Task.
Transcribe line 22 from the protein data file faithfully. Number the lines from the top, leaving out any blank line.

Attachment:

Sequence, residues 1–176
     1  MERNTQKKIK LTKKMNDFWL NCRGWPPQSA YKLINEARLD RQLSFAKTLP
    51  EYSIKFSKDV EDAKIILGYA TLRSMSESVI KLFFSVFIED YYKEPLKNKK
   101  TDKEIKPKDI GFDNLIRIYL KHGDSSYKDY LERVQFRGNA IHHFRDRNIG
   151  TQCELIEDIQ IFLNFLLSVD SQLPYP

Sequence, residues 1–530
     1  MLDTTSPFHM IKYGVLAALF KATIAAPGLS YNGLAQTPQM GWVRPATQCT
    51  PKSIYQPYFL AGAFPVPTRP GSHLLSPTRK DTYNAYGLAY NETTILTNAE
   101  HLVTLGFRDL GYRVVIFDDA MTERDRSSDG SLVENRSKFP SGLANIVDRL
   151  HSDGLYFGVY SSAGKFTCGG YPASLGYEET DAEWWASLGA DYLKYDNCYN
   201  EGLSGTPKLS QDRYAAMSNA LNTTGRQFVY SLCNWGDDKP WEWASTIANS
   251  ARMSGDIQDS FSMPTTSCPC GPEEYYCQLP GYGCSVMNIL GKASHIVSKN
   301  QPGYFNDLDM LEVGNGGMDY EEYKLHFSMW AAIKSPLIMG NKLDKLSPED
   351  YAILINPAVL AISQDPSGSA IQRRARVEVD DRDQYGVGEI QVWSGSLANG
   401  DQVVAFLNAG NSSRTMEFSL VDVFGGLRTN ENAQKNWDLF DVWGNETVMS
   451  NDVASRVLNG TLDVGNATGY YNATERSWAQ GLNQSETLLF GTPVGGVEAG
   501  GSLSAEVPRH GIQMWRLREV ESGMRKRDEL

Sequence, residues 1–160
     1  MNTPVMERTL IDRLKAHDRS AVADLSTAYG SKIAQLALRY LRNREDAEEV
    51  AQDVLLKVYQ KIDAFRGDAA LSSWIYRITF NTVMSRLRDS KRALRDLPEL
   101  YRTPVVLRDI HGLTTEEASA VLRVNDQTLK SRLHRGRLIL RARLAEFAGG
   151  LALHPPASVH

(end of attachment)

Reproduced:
   151  LALHPPASVH